by Melanie Campbell-Carter

Nepenthes! The very epitome of Weird, Wild, and Wonderful was the subject of a three-day pre-symposium workshop led by Mieko Ishikawa, a featured artist in the Weird, Wild & Wonderful exhibit currently on view at the Brody Botanical Center at The Huntington and also a Keynote Speaker at our symposium.

Mieko Ishikawa graciously traveled across the Pacific to join us here in Southern California. Her first event of the Symposium was her three-day workshop on Nepenthes. The Huntington botanical gardens staff kindly cultivated and provided living Nepenthes plants for the workshop, and Mieko provided Reindeer Vellum for her students’ paintings.

Meiko Ishikawa and Akiko Enokido unroll Reindeer Vellum to show the class what a whole skin looks like.

Meiko Ishikawa and Akiko Enokido unroll Reindeer Vellum to show the class what a whole skin looks like.

First Mieko treated us to a wonderful presentation about her adventures finding and painting the very special plants of Borneo. We then enjoyed a behind-the-scenes tour of The Huntington greenhouse where the Nepenthes were grown. Robert Hori of The Huntington and BAGSC’s very talented Akiko Enokido provided interpretive skills for the workshop.

Meiko demonstrating her techniques.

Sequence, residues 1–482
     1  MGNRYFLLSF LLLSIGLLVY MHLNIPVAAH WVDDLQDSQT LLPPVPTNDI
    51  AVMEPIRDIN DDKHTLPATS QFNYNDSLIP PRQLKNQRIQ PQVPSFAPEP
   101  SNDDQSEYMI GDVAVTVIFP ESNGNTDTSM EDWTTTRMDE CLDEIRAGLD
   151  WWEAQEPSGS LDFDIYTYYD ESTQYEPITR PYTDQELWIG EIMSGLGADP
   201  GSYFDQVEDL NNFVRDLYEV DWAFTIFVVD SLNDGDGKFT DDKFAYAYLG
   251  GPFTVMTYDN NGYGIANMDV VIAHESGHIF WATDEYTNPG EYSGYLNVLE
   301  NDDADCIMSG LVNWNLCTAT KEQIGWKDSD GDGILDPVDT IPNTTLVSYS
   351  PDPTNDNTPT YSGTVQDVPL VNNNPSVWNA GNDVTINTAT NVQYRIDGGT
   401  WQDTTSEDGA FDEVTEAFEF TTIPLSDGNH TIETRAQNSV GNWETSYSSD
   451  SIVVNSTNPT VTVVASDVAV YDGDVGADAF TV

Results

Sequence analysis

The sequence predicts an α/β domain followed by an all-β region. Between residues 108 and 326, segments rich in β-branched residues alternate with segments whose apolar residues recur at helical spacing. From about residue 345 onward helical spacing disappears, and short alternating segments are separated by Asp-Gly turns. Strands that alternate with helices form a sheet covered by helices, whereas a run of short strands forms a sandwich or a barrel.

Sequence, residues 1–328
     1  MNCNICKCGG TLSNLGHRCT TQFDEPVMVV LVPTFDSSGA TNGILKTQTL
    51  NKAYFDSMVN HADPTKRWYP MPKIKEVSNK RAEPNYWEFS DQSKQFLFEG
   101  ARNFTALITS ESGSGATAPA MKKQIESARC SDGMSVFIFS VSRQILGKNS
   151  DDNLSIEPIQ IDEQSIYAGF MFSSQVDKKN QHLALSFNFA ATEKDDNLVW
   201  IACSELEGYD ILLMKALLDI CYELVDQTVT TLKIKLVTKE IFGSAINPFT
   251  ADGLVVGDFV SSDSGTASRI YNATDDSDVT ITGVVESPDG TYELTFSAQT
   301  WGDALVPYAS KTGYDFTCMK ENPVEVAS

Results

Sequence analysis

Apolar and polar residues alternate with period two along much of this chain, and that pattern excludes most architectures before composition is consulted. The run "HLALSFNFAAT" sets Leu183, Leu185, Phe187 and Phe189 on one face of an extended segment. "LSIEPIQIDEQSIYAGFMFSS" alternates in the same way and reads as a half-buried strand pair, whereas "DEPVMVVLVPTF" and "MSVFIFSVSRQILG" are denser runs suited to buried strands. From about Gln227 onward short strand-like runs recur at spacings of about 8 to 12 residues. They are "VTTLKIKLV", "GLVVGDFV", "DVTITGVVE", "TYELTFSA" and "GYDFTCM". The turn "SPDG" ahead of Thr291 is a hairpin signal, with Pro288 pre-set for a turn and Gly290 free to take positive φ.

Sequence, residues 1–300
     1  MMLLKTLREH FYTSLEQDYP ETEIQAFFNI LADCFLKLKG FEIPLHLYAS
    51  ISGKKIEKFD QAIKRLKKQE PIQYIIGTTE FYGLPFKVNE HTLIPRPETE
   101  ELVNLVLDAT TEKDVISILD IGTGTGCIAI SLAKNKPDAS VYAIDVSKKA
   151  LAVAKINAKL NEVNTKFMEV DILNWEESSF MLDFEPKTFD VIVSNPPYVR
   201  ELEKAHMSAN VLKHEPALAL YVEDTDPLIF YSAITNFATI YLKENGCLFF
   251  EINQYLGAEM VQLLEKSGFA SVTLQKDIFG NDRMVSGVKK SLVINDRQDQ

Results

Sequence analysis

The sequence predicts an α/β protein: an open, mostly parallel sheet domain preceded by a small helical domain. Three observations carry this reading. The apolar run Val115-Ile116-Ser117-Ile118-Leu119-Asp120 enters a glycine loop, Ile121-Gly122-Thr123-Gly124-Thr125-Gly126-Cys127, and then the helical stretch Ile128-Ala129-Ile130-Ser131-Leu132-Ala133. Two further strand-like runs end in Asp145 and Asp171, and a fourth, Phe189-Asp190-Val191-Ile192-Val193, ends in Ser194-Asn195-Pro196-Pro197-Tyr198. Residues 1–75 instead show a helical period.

Meiko demonstrating her techniques.

After three days of intense study, graphite drawing on our vellum, and very careful application of watercolor on our drawings with extremely tiny brushes, we all had a much greater understanding of the stunning talent and achievements of Mieko Ishikawa. Her mastery of the structure of the plants, as well as her breathtaking artistic talent, gave all of us an enormous dose of inspiration to continue learning and painting!

Many, many thanks to everyone who made the workshop possible – including The Huntington gardens’ staff, the ASBA, the amazing BAGSC women who organized the symposium, and especially our tireless and patient instructor, Mieko Ishikawa.

Workshop participants with their Nepenthes paintings.

Workshop participants with their Nepenthes paintings.

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